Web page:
Conveying information through images is one of the most effective, emotion-arousing forms of communication.- Research has shown that emotional content is the mostlikely to become viral, as are “awe-inspiring” stories that forcereaders to view the world differently.- News-related images are more likely to be shared thanhumorous ones, according to research by Social Media ExpertDan Zarrella.- “Vivid” images are particularly effective because theypresent content in a “language” that is understood by allpeople, regardless of literacy, culture, etc. All brains have thesame capability of interpreting images.
In Perspective Read this Washington Post story and view some photos depicting the 1999 Kosovo conflict.Note the differences in detail between these two features: theuse of imagery through words versus imagery through photos.• Photos were successful in capturing emotion through tears,facial expressions, dead bodies, etc.• Which medium did you personally prefer?
What goes into consideration when selecting images for publication?1. Subject: immediately recognizable; audience can easily understand the point of the photo2. Quality: colors, shading, resolution, size, clarity are in harmony3. Relevance: the photo directly relates to and complements the accompanying story, if there is one4. Effect: provoking discussion, emotion, action from audience5. Taste: Will the photo offend, frighten, or disturb the audience? Disclaimer necessary?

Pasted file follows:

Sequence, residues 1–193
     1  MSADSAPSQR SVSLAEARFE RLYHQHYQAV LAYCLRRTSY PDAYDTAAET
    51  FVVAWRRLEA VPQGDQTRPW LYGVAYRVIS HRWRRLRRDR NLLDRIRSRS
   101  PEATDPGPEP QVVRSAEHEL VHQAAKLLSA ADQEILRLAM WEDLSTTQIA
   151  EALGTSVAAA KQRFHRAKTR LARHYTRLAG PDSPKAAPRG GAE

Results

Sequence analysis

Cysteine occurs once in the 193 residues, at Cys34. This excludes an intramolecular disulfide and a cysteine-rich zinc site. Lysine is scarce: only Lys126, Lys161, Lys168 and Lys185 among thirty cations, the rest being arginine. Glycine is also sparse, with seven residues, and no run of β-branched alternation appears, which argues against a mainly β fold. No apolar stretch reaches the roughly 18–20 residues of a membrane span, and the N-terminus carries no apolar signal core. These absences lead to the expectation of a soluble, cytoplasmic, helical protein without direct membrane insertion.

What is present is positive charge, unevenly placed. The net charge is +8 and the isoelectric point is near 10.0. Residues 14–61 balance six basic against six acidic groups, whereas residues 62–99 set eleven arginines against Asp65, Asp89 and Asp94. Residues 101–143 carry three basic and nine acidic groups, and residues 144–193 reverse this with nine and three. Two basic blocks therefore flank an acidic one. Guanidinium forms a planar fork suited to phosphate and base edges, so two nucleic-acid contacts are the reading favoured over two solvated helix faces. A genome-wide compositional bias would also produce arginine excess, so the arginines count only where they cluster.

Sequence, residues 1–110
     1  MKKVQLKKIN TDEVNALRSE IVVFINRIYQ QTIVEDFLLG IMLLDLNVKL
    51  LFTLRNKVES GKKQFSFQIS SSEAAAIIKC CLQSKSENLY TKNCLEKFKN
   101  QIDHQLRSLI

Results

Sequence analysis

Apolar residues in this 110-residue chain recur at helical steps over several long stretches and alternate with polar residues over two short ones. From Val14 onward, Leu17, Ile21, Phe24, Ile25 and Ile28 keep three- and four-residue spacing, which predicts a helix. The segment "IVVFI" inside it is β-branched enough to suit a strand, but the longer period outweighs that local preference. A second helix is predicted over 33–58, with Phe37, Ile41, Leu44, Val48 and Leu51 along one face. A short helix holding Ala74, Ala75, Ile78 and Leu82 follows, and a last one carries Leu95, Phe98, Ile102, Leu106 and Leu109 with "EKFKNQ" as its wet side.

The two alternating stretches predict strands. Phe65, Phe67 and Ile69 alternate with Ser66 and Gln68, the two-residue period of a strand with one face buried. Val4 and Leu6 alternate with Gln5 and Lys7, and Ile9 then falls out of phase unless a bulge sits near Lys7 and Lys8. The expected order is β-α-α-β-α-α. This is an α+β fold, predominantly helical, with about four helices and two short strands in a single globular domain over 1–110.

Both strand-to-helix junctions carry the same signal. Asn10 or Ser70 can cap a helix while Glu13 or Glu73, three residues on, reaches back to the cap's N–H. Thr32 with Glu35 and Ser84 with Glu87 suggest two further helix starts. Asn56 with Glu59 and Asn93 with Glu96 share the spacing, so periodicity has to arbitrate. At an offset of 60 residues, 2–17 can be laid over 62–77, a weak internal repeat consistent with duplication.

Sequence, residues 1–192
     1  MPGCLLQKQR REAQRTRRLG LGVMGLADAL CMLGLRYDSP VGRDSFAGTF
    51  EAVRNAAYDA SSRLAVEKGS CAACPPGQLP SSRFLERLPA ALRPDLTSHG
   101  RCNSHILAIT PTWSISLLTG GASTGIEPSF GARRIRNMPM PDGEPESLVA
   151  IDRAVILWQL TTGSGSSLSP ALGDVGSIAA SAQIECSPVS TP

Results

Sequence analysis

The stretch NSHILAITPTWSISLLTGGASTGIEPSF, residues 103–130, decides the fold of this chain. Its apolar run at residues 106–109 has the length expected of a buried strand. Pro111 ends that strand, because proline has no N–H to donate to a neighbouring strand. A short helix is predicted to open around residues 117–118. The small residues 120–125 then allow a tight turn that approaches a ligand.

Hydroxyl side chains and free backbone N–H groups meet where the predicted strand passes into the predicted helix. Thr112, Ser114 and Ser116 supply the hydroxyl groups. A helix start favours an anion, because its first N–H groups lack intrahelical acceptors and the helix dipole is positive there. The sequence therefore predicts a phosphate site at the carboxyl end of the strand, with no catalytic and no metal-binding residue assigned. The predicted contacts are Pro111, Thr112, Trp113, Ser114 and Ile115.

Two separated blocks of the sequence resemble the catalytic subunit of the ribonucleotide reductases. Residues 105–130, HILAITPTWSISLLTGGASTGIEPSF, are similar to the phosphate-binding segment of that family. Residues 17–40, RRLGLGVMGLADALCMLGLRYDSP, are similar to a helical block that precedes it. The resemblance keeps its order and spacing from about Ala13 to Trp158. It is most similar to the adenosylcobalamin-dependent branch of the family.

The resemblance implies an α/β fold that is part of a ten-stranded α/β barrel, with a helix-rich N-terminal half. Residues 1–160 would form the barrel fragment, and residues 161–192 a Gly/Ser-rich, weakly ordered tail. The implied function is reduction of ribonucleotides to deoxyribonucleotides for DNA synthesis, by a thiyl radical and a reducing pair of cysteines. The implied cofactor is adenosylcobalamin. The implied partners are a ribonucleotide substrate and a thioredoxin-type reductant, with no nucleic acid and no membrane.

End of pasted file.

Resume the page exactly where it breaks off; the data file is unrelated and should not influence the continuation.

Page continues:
Why is it such a big deal?There is an argument that the media’s use of dramatic, compelling photos sensationalizes serious issues, or exploits them for profit rather than journalistic purposes. Controversial Examples: Click photos to enlarge and read more
ACTIVITY You are the editor of the New York Times. You must select one of these photos to accompany a front page story about the Somali famine.How will you make your decision? Click to view larger images
Remember the 5 criteriaSubject – Quality – Relevance – Effect – Taste Are the photos “scary?” Do they add to the story? Evoke emotions? Based on previous examples, discuss potential audience reactions.
Results“The fact that people far away can see with visceral immediacy the facts of a crisis likethe one now hitting the Horn of Africa is one of the most optimistic aspects of themodern world. Consciences are awakened by the camera ... [these pictures] tell thewhole world what will happen across the region unless urgent international actioncomes immediately.” – Jonathan Jones, The Guardian “The photographs fail to show the reason why so many people have reached this state of destitution. Underneath the high visibility famine lies an age-old and sustainable way of living that has been disrupted by a modern world system, and whose ability to adapt to the cycle of drought has been severely undermined.” – Helen de Jode, The Guardian NYT Executive Editor Bill Keller stood by it: “[Our photographers] sent us a harrowing story and vivid, arresting photographs. We put them before the attention of our readers. Thats our job.”
Images, continuedDiscussion:• How did you feel after viewing the Times’ slideshow?• After seeing the photos, do you feel more compelledto take action to help the Somali cause?• Where is the line for journalists between informingthe public and advocating for a social issue?• Is it okay for journalists to advocate for globalcrises? Are there exceptions?Related content: TIME’s “100 Photos that Changed the World”